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Oracle JDBC performance of ResultSet

Posted by: admin December 28, 2021 Leave a comment


I was using so far something like this for querying my database that was working perfectly fine :

PreparedStatement prepStmt = dbCon.prepareStatement(mySql);
ResultSet rs = prepStmt.executeQuery();

But then I needed to use the rs.first(); in order to be able to iterate over my rs multiple times. So I use now

PreparedStatement prepStmt = dbCon.prepareStatement(mySql,ResultSet.TYPE_SCROLL_INSENSITIVE, ResultSet.CONCUR_UPDATABLE);    

My question is related to the performance of the two. What do I lose if I use the second option? Will using the second option have any negative effect in the code that I have written so far?

PS: Note that my application is a multi-user, database-intensive web application (on a Weblogic 10.3.4) that uses a back end Oracle 11g database.

Thanks all for your attention.


My maximum reslutset size will be less than 1000 rows and 15-20 columns


If you’re using scrollability (your second option), pay attention to this:

Important: Because all rows of any scrollable result set are stored in
the client-side cache, a situation where the result set contains many
rows, many columns, or very large columns might cause the client-side
Java Virtual Machine (JVM) to fail. Do not specify scrollability for a
large result set.

Source: Oracle Database JDBC Developer’s Guide and Reference


Since an Oracle cursor is a forward-only structure, in order to simulate a scrollable cursor, the JDBC driver would generally need to cache the results in memory if it wants to be able to ensure that the same results are returned when you iterate through the results a second time. Depending on the number and size of the results returned from the query, that can involve a substantial amount of additional memory being consumed on the application server. On the other hand, that should mean that iterating through the ResultSet a second time should be much more efficient than the first time.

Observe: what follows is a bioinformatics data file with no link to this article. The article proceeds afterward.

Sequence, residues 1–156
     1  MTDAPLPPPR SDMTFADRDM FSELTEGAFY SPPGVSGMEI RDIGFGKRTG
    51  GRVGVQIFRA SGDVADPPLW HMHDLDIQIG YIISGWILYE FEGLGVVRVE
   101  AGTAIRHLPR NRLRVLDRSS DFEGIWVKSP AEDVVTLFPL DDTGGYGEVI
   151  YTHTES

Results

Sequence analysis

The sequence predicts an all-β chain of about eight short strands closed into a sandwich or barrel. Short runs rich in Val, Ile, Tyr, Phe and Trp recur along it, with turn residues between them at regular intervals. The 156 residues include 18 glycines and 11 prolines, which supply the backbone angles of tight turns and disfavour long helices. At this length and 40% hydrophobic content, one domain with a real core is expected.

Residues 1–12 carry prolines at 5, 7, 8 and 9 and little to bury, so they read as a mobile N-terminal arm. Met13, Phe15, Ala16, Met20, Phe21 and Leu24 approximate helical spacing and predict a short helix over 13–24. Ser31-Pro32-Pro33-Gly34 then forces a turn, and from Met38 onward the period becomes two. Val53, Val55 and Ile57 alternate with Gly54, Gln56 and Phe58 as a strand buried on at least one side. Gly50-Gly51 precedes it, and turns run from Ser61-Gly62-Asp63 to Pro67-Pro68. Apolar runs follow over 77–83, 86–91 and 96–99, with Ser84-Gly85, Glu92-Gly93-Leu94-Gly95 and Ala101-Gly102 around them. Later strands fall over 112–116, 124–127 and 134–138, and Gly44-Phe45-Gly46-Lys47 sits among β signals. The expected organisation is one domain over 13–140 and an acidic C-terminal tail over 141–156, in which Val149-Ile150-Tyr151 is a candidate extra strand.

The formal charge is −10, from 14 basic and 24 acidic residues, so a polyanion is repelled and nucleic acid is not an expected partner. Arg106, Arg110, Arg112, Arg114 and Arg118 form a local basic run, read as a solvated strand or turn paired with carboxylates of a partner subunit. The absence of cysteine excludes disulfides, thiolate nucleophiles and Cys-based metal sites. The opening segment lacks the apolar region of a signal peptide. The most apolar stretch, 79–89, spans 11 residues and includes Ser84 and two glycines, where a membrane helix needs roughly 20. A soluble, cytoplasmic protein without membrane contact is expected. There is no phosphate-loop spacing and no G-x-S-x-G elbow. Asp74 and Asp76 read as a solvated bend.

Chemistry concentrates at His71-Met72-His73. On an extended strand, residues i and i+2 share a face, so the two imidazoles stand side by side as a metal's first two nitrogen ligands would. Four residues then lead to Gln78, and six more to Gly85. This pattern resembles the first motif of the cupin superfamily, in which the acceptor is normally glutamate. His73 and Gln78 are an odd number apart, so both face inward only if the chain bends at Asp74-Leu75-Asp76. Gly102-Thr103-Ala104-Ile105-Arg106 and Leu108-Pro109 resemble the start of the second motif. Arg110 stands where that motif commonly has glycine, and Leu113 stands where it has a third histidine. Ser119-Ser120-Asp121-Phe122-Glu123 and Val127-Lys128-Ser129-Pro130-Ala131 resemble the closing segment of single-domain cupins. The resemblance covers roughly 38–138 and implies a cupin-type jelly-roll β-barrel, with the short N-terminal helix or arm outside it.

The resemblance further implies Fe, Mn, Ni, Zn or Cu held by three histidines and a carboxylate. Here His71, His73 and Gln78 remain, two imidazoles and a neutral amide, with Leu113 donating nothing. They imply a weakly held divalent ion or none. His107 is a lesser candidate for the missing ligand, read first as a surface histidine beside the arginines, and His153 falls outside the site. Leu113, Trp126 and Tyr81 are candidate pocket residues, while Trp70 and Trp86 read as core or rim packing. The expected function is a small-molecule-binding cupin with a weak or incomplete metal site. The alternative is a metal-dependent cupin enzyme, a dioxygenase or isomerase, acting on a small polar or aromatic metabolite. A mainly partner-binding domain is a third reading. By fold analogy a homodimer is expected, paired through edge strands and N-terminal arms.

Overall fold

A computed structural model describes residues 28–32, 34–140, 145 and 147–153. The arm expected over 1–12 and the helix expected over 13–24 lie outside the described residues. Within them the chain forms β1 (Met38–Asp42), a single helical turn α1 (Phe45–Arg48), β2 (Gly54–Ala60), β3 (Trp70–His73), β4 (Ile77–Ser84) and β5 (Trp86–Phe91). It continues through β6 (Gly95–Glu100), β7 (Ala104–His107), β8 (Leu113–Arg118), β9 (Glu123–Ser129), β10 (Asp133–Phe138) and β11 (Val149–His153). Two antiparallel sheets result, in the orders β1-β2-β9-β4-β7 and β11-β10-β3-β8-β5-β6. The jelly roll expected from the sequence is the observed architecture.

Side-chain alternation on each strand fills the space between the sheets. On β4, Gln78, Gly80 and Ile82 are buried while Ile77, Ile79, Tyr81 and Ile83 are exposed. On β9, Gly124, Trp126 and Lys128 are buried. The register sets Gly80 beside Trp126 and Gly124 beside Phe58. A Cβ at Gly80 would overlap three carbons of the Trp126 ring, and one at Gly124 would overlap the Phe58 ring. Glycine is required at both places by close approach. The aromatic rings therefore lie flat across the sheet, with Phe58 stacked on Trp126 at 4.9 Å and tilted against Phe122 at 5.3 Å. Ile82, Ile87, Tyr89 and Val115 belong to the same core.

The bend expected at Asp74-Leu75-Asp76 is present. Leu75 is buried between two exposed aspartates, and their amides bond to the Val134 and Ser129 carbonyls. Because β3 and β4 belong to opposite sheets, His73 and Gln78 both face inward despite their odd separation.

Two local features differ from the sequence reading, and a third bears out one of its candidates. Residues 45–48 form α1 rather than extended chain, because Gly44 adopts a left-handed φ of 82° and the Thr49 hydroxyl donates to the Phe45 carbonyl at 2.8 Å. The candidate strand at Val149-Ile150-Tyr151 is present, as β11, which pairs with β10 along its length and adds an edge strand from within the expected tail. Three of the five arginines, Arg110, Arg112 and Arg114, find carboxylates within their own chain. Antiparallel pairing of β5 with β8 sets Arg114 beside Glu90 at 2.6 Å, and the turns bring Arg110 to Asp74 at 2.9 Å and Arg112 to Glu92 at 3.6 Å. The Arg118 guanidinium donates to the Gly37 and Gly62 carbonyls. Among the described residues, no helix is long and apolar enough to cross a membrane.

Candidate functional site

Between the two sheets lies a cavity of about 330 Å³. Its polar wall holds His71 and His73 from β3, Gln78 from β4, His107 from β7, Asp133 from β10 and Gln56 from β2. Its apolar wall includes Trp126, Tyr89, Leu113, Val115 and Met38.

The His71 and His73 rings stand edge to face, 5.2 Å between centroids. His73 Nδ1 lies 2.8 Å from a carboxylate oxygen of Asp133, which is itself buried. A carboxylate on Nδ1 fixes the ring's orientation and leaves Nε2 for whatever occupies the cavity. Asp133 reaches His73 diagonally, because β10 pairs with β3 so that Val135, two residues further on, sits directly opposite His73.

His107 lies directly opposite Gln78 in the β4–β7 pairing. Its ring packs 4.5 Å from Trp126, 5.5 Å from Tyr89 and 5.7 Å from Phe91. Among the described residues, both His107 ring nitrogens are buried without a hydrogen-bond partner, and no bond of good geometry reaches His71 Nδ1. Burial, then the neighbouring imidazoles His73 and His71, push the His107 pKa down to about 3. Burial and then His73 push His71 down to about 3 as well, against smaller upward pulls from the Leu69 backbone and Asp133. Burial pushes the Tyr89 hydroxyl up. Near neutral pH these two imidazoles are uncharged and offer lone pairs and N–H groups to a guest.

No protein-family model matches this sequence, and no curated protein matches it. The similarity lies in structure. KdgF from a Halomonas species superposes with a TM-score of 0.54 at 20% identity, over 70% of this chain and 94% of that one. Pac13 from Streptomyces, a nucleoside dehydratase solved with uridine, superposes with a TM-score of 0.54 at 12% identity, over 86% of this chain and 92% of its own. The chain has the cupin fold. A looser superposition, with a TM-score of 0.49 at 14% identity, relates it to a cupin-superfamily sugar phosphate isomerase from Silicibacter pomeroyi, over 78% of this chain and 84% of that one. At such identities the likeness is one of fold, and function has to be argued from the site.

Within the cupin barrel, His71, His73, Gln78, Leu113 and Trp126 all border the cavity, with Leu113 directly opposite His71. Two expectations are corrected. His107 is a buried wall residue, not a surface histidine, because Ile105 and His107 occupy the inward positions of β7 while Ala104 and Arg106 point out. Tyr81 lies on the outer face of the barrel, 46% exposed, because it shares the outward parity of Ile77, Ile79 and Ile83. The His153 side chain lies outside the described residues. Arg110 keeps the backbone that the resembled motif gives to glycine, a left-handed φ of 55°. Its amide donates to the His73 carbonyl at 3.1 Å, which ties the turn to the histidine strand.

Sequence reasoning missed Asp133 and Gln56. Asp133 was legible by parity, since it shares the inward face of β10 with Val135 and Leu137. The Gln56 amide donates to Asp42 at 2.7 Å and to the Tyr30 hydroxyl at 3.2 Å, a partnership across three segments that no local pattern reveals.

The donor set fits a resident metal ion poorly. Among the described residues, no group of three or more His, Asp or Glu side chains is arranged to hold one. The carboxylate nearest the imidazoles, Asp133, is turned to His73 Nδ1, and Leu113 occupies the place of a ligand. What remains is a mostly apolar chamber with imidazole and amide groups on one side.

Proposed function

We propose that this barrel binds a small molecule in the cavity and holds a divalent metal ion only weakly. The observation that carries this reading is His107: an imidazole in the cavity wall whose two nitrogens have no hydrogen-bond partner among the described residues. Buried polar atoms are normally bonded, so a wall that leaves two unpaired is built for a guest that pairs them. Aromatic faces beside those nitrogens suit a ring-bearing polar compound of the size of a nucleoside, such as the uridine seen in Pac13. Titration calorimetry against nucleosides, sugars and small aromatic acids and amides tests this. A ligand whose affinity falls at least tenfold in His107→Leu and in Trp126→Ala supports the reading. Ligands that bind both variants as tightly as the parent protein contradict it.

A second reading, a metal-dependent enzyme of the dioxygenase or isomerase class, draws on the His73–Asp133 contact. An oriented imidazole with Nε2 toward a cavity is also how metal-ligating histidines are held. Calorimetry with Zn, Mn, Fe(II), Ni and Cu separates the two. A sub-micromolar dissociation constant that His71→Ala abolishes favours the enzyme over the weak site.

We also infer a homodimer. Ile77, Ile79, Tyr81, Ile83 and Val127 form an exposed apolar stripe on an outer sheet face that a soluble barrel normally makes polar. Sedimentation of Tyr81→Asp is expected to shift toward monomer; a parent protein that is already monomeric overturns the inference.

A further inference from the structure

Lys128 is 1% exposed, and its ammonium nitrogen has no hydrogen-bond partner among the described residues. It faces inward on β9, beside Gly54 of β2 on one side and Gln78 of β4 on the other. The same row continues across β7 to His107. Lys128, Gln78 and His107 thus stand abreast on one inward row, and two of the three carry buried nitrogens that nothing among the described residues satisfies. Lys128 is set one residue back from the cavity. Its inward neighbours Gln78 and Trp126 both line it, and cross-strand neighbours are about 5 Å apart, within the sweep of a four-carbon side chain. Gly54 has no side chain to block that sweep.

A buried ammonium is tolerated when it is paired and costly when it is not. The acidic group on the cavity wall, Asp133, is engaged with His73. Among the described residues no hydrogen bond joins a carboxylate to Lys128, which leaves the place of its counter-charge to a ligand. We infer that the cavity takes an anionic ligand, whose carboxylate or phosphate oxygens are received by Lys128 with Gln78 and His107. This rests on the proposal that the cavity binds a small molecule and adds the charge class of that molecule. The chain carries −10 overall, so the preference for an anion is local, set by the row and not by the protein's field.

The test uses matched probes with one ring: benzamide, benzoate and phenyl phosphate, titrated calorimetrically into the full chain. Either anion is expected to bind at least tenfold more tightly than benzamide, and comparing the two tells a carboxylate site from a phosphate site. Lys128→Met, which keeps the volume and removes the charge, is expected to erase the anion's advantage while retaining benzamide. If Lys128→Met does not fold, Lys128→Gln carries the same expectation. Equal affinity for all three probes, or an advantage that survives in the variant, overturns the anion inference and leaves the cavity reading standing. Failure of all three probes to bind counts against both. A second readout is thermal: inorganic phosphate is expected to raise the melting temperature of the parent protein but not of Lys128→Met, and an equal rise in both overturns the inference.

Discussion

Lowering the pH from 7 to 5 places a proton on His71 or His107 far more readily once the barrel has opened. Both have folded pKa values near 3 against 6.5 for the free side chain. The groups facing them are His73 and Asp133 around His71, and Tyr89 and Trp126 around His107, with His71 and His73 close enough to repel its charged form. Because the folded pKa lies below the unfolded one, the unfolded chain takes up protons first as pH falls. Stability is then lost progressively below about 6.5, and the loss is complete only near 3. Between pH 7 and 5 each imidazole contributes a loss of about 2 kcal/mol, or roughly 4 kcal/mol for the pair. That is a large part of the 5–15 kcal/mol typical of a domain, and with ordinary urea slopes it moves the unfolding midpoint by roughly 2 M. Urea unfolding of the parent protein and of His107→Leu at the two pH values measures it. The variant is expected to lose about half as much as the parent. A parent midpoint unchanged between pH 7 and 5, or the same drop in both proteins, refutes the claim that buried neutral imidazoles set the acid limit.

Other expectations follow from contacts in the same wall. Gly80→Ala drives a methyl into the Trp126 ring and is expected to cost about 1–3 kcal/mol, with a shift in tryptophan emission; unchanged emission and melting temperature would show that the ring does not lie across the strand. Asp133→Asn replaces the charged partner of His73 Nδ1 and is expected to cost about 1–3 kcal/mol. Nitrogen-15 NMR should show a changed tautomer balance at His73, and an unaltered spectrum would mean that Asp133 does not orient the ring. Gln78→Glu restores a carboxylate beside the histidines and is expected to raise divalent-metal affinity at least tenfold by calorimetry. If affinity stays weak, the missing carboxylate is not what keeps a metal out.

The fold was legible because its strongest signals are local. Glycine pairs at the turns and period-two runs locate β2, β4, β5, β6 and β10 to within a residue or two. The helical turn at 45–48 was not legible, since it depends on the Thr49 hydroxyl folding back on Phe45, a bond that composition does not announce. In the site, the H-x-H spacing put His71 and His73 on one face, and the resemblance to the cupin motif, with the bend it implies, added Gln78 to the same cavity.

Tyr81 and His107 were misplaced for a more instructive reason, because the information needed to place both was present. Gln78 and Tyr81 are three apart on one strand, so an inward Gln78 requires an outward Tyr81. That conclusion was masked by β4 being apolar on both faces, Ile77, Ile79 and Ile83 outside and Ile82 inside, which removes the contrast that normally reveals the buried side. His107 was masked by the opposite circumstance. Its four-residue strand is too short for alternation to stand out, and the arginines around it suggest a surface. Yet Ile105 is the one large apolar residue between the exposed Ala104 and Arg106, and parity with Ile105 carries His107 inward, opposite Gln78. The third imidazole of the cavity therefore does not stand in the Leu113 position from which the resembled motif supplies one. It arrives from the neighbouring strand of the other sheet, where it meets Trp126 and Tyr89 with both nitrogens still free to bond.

Whether the extra memory required is meaningful depends on your application. You say that the largest ResultSet will have 1000 rows. If you figure that each row is 500 bytes (this will obviously depend on data types– if your ResultSet just has a bunch of numbers, it would be much smaller, if it contains a bunch of long description strings, it may be much larger), 1000 rows is 500 kb per user. If you’ve got 1000 simultaneous users, that’s only 500 MB of storage which probably isn’t prohibitive. If you’ve got 1 million simultaneous users, on the other hand, that’s 500 GB which is probably means that you’re buying a few new servers. If your rows are 5000 bytes rather than 500, then you’re talking about 5 GB of RAM which could be a large fraction of the memory required on the application server to run your application.